Scientists have identified the earliest primate fossils: tiny ancient teeth from a rat-size creature that suggest our ancient ancestors once lived alongside the dinosaurs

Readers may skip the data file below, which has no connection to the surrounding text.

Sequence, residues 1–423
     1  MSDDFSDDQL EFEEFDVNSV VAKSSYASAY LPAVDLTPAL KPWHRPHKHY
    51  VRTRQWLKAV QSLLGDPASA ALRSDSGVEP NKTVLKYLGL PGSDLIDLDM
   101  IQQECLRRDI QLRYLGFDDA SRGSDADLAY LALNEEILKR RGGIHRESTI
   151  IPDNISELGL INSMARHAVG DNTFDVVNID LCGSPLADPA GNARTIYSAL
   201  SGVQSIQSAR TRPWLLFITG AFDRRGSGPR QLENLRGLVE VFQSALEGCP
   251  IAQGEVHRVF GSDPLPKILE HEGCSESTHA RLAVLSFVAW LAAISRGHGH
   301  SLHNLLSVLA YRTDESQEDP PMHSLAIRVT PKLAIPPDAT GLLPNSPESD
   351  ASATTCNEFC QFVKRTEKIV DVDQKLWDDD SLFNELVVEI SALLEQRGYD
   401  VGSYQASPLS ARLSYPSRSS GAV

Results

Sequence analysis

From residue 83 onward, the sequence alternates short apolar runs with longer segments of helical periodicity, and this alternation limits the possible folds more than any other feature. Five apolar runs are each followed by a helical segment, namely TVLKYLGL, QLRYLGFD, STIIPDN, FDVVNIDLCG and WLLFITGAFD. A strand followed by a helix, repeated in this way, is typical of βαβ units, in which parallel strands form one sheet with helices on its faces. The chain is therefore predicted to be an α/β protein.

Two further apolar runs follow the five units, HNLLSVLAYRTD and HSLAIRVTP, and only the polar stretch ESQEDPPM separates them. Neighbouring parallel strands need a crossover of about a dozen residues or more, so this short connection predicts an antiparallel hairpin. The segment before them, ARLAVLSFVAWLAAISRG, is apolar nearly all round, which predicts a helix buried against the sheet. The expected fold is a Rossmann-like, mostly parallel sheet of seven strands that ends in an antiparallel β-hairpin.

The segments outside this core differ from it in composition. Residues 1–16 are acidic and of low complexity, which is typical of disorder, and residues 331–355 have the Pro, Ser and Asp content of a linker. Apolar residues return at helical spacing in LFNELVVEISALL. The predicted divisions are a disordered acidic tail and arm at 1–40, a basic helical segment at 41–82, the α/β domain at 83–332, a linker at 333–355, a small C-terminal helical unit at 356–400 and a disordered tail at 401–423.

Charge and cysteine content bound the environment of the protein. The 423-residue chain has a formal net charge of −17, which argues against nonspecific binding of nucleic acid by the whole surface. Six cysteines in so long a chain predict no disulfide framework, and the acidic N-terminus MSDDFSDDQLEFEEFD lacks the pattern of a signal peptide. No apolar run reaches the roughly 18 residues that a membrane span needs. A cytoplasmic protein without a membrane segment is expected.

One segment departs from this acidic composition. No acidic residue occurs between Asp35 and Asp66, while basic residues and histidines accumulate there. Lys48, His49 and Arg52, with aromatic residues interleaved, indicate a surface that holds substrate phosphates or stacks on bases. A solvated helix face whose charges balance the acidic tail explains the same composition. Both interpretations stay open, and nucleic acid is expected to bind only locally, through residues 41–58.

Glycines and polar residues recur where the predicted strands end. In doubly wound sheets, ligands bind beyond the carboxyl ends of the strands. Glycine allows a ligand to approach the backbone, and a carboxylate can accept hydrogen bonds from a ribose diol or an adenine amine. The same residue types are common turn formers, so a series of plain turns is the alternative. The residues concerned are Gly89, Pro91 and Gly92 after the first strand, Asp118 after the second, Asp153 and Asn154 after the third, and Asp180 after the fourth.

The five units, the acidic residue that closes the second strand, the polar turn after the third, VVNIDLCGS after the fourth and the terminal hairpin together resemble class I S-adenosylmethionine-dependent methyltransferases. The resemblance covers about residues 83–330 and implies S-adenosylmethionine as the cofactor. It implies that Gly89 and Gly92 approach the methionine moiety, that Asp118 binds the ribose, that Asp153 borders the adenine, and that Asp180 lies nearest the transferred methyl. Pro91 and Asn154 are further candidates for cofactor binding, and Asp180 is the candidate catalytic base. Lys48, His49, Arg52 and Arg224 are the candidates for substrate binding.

The teeth are 0.08 inches (2 millimeters) long and are from the oldest group of primates, known as plesiadapiforms. They were found in the Fort Union Formation in northeastern Montana in the 1980s, but have now been formally identified in a new study, published Feb. 24 in the journal Royal Society Open Science.